Arabica coffees fall into two distinct groups called Brazils (arabicas grown in Brazil) and milds (arabicas grown elsewhere, including American countries such as Costa Rica, as well as Asian/Pacific nations such as Indonesia). Robusta coffees generally grow in African nations. What's the difference? It's generally said that arabicas produce richer, tastier coffee than robustas, which produce lower quality beans, give coffee a slightly rubbery taste, and are largely grown for making instant coffee. (Robustas do have higher caffeine content, however, so they're also used in small amounts to give a caffeine "kick" and extra body to arabica blends.)

There are many different varieties of aribica and robusta trees. Like all plants, different coffee trees thrive in different growing conditions. If you're a farmer with a large plot of land in a certain part of the tropics, you don't grow just any old coffee tree: you choose a specific cultivar of coffee tree (sometimes called a varietal) that thrives in your particular soil and climate to produce an especially tasty bean that will earn you money. Generally, coffee trees grow best in hilly places. Robustas thrive at lower altitudes (roughly 200–750 meters or 650–2500ft), whereas arabicas thrive in more mountainous regions roughly 1000–2000m (3000–6500ft) above sea level but below altitudes where frost will attack them.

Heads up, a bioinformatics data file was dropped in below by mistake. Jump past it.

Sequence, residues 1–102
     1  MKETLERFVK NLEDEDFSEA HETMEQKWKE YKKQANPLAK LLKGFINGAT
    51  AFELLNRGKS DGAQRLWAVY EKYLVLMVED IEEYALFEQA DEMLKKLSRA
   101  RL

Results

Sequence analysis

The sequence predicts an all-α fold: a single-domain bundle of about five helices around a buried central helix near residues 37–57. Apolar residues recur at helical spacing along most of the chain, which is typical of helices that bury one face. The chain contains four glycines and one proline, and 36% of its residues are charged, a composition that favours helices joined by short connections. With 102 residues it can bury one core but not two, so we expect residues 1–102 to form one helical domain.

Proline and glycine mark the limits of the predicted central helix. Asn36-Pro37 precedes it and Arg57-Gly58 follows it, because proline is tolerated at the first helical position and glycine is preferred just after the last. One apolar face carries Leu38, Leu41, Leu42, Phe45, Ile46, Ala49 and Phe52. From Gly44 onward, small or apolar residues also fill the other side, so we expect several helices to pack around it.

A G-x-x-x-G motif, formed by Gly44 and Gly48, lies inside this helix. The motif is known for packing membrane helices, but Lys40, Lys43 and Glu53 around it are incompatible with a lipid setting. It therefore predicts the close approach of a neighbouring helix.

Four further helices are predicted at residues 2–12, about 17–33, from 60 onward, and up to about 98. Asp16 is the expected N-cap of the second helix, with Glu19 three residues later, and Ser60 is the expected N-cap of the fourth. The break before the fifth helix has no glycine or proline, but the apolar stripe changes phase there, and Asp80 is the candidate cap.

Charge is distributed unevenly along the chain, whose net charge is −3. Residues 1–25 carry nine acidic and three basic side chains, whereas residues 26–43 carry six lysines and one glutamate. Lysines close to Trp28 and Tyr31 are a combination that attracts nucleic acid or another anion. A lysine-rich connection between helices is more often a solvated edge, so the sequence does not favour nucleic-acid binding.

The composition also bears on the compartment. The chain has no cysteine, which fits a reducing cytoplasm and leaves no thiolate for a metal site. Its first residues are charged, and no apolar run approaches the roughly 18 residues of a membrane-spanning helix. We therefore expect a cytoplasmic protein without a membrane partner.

As trees go, coffea are modest—and more like large shrubs: they take about 5–8 years to reach maturity, by which time they're about three times as tall as a person (4.5–6 meters or 15–20 feet)—and they're usually pruned below that sort of height to make harvesting easier. Coffee trees have glossy green leaves and stunning white flowers, which rapidly turn into cherry-like fruits, changing color like slow-motion traffic lights from green, through yellow, to a vivid red over a period lasting anything from a few months to a year or more. Break through the skin of a coffee cherry and you'll find a gooey pulp with a couple of hard seeds inside—the beans we know and love. In one year, a single tree produces up to about 1kg (2.2 lb) of coffee. That's enough to make roughly 4–5 of those small bags you'll find in the stores.

Left: A man walks through a line of coffea trees, inspecting the beans. Middle: A closeup of the green coffee beans growing on coffea trees. Right: Red, yellow, and green coffee beans at different stages of ripening.

Photo: Coffee grows on lush coffea trees like these in hot, tropical countries. The fruits (confusingly called cherries) turn from green through yellow to a wonderful red as they ripen. Left and middle (closeup) photos of coffee trees in Oahu by Peggy Greb. Right photo by Scott Bauer. Both photos courtesy of US Department of Agriculture/Agricultural Research Service.

Harvesting and processing